Chromatography has developed into a highly sophisticated and varied procedure which is used in chemical or bio-processing industries; the need to separate and purify a product from a complex mixture is a very necessary and highly important step in the production line. The separation can be achieved with great precision; even very similar compounds, such as proteins that may only vary by a single amino acid, can be separated this way. In fact, chromatography can purify any soluble or volatile substance if the right adsorbent material, carrier material, and operating conditions are employed.
Multid's data analysis software packages offer easy access to advanced state of the art data analysis algorithms through intiutive and functional graphical user interfaces. Users are never more than a few clicks away from the results. GenEx, the ultimate tool for analyzing qPCR data, is our flag ship number of scientists that are relying on GenEx for their qPCR data analysis has been in steadily increasing since the first version of GenEx was released in 2006. Today GenEx is the by far most used software among qPCR users around the world. GenEx contains a wide range of statistical and machine learning algorithms, as well as direct data import capabilities from all major qPCR instruments. Our second product DATAN is the most powerful tool for analysing spectroscopic data. It is used by analytical chemists around the world. DATAN offers a wide selection of algorithms for decomposing measured spectra into concentrations and spectra for pure substances.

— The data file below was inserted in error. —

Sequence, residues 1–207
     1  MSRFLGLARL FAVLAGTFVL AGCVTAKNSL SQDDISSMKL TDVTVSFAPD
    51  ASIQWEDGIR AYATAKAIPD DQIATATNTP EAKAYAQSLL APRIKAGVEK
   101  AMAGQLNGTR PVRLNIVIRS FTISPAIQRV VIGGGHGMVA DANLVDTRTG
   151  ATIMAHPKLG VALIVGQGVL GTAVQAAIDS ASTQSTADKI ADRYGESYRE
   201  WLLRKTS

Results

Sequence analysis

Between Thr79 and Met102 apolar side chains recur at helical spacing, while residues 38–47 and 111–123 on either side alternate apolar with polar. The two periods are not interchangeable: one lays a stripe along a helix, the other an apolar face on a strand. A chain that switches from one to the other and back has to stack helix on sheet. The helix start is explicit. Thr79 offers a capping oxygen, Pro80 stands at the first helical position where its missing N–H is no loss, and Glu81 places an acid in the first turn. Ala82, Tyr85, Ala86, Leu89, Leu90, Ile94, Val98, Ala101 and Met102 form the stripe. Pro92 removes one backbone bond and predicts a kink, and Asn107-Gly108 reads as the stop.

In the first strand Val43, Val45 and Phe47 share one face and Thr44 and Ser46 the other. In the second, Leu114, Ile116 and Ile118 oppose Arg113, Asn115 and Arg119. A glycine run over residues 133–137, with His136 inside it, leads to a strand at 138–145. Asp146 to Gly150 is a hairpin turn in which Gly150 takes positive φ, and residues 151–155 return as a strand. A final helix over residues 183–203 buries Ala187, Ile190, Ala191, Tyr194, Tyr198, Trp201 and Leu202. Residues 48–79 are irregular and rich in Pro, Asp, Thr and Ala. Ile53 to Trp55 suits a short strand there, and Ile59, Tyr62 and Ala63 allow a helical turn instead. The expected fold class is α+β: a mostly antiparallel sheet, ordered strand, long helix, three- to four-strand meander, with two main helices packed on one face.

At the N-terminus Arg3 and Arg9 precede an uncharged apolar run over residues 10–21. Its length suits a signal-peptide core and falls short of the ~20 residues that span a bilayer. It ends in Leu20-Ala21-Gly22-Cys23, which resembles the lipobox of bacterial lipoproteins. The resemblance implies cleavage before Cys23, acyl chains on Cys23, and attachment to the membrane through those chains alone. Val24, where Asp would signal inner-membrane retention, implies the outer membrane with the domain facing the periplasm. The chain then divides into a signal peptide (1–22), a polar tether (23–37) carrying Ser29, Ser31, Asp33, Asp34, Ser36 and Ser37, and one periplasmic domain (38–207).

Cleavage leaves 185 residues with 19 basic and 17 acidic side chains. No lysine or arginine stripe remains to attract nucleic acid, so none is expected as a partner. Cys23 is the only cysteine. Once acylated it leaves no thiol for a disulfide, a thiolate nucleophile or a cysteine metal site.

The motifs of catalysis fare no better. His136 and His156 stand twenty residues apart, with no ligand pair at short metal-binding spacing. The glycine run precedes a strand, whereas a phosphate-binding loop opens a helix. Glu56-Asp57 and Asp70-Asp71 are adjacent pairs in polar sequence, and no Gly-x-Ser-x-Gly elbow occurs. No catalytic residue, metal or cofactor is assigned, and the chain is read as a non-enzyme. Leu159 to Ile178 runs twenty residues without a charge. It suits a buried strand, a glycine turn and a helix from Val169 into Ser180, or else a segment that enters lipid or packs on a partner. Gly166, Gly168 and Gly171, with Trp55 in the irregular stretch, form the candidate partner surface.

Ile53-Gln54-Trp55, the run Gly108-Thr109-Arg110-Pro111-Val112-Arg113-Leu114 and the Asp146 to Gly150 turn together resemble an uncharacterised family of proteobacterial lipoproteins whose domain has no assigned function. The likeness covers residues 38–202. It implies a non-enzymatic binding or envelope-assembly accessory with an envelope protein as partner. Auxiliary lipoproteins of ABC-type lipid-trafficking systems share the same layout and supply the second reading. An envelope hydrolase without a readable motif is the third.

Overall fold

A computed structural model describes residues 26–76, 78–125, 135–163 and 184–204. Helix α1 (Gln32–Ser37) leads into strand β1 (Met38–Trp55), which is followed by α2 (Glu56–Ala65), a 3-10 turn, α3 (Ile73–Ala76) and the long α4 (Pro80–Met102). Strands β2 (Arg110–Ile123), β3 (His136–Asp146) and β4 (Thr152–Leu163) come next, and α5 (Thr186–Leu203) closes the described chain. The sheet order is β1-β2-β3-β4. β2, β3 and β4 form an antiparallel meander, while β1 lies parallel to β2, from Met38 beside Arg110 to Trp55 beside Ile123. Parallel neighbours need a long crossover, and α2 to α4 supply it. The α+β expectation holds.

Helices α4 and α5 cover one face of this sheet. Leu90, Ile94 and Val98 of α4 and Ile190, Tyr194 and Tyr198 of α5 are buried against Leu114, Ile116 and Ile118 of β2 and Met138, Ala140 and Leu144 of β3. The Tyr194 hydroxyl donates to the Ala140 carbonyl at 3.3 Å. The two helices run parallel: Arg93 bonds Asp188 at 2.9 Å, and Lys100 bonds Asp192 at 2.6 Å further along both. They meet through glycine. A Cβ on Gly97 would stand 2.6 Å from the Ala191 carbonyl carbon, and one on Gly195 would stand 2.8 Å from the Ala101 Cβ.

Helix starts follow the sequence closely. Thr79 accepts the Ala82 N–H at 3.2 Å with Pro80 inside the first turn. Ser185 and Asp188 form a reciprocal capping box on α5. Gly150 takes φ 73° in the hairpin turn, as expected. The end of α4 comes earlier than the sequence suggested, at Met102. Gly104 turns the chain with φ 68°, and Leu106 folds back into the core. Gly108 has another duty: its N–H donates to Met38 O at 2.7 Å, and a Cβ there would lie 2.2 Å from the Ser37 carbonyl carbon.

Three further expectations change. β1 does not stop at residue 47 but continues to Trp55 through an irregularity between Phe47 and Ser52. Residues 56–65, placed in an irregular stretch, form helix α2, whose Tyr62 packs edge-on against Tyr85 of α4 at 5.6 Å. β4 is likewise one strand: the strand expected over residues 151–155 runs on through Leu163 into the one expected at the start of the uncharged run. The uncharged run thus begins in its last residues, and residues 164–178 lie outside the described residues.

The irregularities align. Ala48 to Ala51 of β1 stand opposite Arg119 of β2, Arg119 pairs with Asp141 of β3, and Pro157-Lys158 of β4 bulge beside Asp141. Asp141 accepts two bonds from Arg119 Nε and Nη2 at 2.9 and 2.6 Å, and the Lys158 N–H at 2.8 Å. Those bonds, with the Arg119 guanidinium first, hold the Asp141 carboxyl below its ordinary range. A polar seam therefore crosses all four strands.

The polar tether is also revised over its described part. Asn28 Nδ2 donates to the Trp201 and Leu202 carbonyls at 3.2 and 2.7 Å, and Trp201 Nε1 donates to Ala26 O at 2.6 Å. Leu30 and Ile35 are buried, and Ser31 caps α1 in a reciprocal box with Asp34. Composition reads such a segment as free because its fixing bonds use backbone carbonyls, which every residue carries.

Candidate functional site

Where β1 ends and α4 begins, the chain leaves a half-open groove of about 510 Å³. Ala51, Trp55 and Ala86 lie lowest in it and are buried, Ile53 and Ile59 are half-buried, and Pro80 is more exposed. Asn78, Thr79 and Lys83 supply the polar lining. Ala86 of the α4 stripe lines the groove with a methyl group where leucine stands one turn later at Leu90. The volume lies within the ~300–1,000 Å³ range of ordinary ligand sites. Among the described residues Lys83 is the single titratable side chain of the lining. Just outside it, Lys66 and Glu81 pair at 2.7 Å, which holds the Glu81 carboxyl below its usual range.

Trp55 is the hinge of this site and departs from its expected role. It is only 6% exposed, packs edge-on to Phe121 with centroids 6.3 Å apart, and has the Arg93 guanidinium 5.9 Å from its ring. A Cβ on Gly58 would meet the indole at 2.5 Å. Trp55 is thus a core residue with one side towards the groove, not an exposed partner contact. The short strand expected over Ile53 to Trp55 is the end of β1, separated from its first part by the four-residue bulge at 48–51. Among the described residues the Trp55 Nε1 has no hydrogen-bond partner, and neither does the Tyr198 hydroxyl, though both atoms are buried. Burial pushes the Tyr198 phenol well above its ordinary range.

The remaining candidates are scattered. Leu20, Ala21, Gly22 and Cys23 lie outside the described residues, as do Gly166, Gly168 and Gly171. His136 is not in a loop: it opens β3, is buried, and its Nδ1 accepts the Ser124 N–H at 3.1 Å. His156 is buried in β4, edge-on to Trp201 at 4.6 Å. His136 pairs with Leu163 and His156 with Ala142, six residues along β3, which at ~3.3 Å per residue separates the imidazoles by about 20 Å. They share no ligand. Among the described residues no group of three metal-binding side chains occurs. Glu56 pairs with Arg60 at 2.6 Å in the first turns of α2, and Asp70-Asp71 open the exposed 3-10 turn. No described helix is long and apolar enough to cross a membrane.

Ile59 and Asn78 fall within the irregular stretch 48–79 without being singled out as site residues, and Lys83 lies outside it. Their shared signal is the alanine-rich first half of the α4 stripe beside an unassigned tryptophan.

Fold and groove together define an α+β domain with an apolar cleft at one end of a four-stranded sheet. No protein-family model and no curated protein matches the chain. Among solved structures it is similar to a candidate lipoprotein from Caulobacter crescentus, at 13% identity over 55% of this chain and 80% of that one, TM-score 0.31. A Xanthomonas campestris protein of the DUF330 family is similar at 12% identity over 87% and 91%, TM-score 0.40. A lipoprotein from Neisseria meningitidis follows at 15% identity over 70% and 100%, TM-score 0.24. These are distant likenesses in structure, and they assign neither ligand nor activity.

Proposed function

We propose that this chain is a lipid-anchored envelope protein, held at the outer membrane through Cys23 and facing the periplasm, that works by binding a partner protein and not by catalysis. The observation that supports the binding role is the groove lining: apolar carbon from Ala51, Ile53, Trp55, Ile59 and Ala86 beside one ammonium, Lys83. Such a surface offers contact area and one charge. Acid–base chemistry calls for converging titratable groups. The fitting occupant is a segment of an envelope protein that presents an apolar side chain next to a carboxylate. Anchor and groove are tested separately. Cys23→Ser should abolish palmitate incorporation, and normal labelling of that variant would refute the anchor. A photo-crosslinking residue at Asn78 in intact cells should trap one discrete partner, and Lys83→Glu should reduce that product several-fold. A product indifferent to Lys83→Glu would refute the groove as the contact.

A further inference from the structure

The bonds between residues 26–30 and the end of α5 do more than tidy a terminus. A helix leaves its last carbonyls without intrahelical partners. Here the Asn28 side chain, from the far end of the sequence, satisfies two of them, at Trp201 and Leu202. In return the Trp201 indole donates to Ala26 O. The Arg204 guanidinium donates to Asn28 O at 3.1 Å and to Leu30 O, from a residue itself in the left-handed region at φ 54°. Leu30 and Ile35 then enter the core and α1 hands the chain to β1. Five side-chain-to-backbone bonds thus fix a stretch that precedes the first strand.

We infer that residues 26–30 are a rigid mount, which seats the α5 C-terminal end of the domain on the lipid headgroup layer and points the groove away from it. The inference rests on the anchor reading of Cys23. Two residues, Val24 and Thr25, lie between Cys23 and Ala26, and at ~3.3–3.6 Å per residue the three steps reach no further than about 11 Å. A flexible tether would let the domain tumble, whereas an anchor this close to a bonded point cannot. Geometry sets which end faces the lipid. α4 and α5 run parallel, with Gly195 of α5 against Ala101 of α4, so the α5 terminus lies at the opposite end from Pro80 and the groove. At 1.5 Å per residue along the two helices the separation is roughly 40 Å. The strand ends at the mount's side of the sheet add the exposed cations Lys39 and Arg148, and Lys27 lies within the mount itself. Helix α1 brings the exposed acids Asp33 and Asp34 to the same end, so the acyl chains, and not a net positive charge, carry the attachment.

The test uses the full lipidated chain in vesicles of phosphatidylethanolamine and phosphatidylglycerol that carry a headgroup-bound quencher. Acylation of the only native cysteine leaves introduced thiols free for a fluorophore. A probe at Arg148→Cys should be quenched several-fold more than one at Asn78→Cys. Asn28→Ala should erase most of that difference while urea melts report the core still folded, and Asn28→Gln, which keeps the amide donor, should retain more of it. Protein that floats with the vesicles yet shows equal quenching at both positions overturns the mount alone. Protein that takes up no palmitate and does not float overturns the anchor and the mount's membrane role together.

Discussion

The history of spectroscopy began with Isaac Newton 's optics experiments (1666–1672). Newton applied the word "spectrum" to describe the rainbow of colors that combine to form white light and that are revealed when the white light is passed through a prism. During the early 1800s, Joseph von Fraunhofer made experimental advances with dispersive spectrometers that enabled spectroscopy to become a more precise and quantitative scientific technique. Since then, spectroscopy has played and continues to play a significant role in chemistry, physics and astronomy.